RAD Progress Report: More Than 35,000 Units Converted to Project-Based Section 8

Published by Teresa Garcia on Thursday, October 1, 2015
Journal thumb October 2015

Three years have passed since the U.S. Department of Housing and Urban Development (HUD) launched its Rental Assistance Demonstration (RAD), a program that allows public housing authorities (PHAs) to convert housing assistance to long-term, project-based Section 8 contracts. Since then, statistics indicate that the affordable housing preservation program is succeeding on many levels: More than 35,000 units have been converted through RAD, including about 18,000 units closed under the program’s first component and 17,000 under its second component. Additionally, Congress has shown support for the program by extending it through 2018 and more than tripling the cap for the program’s first component from 60,000 to 185,000 units.

RAD makes it possible for PHAs to leverage traditional capital, the low-income housing tax credit (LIHTC) and other financing tools previously unavailable to them. Tom Davis, director of HUD’s Office of Recapitalization, said RAD is providing PHAs with access to more stable funding that can be used to make much-needed repairs and improvements. “On the public housing side, RAD has ensured that over 18,000 units have the resources to cover their capital needs for the next 20 years,” said Davis. “It’s a huge accomplishment representing hundreds of millions of dollars.”

RAD proponents say the program is helping fill a void left by a grossly underfunded public housing system. “Conservative figures put the backlog of capital fund needs for public housing at $26 billion, while others in our industry suggest the backlog is much greater,” said Rob Fredericks, deputy executive director and chief administrative officer of the Housing Authority of the City of Santa Barbara (HACSB) in California. “In most regions, all one needs to do is look at the properties and it is evident that the funding has not been available to properly maintain or to renovate them and they have fallen into disrepair.”

HACSB is in the process of converting its entire portfolio of 316 units across 31 properties through RAD. “Our primary goal of pursuing the RAD conversions of our public housing was to ensure that these important community assets of affordable housing were rehabilitated and preserved as affordable housing for those most in need for generations to come,” said Fredericks.

The Housing Authority of the City of El Paso (HACEP) in Texas was one of the first housing authorities to attempt a portfolio-wide conversion through RAD, with more than 6,100 units being moved to Section 8 project-based rental assistance (PBRA). “We did a capital needs assessment on our properties and we found we needed about $250 million,” said Satish Bhaskar, HACEP’s chief financial officer. Bhaskar said that without RAD, it would have taken HACEP about 50 years to raise the funds needed. With the help of RAD, HACEP is renovating nearly all of its properties, except for six properties that were recently constructed. Planned rehabilitation work for the older properties include asbestos abatement, new wiring and new plumbing.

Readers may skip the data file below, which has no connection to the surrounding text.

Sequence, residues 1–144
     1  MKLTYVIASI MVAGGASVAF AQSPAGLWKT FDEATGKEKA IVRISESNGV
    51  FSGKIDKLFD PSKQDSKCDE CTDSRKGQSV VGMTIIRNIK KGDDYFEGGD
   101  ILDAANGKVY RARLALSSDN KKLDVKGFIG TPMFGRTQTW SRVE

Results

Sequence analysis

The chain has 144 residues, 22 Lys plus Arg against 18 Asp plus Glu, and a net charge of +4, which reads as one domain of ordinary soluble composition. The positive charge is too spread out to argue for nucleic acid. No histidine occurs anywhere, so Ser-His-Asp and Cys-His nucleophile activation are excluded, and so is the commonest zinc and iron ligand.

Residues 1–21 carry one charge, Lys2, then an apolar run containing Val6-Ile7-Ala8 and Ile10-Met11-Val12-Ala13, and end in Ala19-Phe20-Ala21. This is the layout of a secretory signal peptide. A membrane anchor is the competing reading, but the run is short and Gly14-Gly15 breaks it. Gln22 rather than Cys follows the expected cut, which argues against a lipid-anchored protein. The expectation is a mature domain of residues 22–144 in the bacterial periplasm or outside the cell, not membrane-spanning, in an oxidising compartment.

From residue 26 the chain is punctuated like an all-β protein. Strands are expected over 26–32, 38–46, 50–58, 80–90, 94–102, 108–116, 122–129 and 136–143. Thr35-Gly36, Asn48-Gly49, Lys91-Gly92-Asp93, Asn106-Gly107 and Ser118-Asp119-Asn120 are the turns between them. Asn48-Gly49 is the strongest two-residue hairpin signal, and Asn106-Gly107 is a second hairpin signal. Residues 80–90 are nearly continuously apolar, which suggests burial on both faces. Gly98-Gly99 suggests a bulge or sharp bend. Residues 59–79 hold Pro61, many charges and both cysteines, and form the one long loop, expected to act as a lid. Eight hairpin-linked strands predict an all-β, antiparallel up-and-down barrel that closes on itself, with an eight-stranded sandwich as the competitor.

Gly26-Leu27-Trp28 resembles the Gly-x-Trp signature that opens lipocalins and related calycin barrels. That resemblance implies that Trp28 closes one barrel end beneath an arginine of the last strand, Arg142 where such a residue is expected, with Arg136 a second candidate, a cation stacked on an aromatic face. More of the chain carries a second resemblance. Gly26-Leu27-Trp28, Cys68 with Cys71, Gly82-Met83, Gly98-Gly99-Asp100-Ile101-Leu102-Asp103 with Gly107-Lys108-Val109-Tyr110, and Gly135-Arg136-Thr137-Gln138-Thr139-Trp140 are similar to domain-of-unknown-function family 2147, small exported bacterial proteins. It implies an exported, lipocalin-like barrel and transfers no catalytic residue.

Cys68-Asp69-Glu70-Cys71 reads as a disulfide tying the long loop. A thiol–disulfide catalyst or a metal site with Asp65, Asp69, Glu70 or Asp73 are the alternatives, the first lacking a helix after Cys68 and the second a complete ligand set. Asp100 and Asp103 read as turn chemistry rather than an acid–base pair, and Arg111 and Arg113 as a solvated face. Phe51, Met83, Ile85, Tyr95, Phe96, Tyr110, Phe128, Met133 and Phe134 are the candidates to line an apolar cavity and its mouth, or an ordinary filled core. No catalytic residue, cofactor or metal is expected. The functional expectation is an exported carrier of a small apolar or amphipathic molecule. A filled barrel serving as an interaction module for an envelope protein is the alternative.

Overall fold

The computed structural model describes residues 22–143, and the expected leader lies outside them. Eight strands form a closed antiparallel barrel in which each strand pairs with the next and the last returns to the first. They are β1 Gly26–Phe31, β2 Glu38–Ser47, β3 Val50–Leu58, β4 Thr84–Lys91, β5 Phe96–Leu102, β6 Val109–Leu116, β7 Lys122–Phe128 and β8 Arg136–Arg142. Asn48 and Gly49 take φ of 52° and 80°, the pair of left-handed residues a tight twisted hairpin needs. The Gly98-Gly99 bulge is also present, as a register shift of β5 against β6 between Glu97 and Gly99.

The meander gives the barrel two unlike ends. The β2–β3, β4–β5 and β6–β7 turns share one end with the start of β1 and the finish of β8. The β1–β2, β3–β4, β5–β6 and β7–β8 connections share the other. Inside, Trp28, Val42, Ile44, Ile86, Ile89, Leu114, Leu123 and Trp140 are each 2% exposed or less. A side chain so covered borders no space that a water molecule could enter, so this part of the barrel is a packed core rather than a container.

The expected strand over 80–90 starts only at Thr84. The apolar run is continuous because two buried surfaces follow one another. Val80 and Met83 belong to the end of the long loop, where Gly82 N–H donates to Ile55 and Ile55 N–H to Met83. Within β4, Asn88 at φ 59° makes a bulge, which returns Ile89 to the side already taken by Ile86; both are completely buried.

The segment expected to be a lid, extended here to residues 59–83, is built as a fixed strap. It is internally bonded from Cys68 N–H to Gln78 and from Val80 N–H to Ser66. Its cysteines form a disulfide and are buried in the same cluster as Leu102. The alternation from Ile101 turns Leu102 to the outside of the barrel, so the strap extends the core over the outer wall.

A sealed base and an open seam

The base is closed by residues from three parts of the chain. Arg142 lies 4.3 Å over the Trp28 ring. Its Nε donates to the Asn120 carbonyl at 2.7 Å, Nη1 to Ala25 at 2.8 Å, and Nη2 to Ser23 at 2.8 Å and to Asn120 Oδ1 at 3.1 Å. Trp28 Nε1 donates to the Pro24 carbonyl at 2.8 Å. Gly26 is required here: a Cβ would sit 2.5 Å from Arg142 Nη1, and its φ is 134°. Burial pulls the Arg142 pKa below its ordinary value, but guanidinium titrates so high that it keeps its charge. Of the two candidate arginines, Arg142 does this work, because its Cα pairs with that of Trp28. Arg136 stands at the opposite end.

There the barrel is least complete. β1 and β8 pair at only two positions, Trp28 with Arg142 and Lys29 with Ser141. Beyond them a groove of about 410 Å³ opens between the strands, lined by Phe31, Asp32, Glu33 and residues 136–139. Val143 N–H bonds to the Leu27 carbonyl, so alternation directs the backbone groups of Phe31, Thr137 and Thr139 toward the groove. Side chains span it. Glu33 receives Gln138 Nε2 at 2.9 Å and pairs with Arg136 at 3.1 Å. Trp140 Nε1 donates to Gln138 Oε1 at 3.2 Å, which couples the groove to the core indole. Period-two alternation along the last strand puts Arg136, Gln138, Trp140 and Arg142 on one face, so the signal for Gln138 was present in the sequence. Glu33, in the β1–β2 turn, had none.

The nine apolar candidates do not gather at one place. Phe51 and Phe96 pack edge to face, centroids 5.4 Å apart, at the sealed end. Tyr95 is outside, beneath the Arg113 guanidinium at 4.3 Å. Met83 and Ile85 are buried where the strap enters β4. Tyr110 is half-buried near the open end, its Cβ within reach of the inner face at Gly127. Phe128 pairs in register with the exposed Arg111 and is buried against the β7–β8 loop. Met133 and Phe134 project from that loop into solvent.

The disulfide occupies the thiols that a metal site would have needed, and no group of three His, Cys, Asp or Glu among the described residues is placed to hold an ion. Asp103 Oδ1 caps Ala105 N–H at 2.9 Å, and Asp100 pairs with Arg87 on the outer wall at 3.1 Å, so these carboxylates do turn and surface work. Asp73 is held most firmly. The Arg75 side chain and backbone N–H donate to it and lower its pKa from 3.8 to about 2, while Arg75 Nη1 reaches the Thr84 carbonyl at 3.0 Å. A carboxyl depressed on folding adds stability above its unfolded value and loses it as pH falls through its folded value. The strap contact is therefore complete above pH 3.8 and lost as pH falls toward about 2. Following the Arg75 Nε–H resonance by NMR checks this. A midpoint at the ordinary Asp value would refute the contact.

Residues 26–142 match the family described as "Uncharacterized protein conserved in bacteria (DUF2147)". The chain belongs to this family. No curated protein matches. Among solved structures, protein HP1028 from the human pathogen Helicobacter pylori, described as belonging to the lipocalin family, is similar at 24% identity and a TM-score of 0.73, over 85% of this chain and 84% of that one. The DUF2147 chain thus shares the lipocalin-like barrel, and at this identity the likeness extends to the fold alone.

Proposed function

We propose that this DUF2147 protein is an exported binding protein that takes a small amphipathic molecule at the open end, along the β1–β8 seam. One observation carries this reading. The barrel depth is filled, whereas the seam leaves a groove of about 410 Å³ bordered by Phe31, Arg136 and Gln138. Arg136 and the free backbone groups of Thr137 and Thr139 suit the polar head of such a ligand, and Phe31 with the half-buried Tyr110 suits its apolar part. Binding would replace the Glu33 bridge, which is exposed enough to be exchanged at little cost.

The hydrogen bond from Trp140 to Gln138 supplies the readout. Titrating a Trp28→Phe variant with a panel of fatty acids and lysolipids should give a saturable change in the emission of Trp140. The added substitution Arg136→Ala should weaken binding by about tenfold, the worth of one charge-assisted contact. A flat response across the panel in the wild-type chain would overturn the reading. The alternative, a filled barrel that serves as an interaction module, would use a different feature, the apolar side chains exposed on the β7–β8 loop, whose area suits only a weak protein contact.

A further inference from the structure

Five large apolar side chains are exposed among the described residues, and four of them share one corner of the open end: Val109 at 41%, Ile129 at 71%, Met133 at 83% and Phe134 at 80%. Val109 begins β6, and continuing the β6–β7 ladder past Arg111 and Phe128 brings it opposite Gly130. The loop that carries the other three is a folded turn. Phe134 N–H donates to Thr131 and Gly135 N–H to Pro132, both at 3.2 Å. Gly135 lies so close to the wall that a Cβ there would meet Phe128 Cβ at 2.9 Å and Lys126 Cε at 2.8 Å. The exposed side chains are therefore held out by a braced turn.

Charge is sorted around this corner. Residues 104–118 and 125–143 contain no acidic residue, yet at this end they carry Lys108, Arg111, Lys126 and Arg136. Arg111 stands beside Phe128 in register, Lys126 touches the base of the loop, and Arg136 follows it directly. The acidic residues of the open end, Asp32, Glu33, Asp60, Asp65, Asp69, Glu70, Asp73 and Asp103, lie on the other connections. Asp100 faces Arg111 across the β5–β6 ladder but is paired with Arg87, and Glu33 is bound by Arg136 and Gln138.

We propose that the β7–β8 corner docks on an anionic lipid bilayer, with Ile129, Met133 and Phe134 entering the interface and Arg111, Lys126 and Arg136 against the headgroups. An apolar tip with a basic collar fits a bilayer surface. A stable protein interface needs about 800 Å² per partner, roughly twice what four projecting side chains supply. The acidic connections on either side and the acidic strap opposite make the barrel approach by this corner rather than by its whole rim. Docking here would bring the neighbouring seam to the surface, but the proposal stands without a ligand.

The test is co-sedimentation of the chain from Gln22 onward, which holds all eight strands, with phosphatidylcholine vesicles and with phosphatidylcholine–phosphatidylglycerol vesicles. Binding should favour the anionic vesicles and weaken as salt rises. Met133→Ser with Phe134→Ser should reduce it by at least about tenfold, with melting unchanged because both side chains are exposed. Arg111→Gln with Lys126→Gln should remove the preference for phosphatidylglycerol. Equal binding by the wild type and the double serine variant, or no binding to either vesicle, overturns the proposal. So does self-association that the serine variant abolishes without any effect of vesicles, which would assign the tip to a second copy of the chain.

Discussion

Implementation

Davis said that while HUD is essentially moving the same amount of funds from one subsidy stream to another, it can be a complex process. “It’s a program that touches multiple regulatory schemes and offices within HUD,” he said. “Making those connections and establishing the processes within the department to transition between regulatory schemes takes work.”

Others said that implementing a new program understandably entails a learning curve, both for HUD and participants. “It was challenging because the program was not just new to us, but it was new to HUD, too,” said Bhaskar. “There was a lot of learning happening on both sides.”

Another challenge has been the boom in volume for HUD staff after the recent unit cap increase. Davis said that fortunately, housing owners have a certain degree of flexibility when designing their transactions. “One of the beauties of the program is that it allows a lot of creativity in the field and proponents of the projects get to come up with solutions that best fit their situation,” said Davis. He said his goal is to provide clear and consistent parameters while offering as much flexibility as possible.

What’s Ahead?

In an ongoing effort to address questions and concerns, HUD staff members are updating RAD’s frequently asked questions (FAQ) document and are reviewing comments on the revised final implementation notice released in June. “The big things we’re focused on are improving the system and building on our accomplishments to date,” said Davis. “We’re working on a variety of projects and communicating with stakeholders as we go along.”

Another HUD goal takes into consideration the continued submission of new applications. HUD hopes for a long-term extension and a lift of the unit conversion cap under RAD’s first component. Davis said that HUD is also considering expanding RAD’s second component to other properties that could benefit from the program.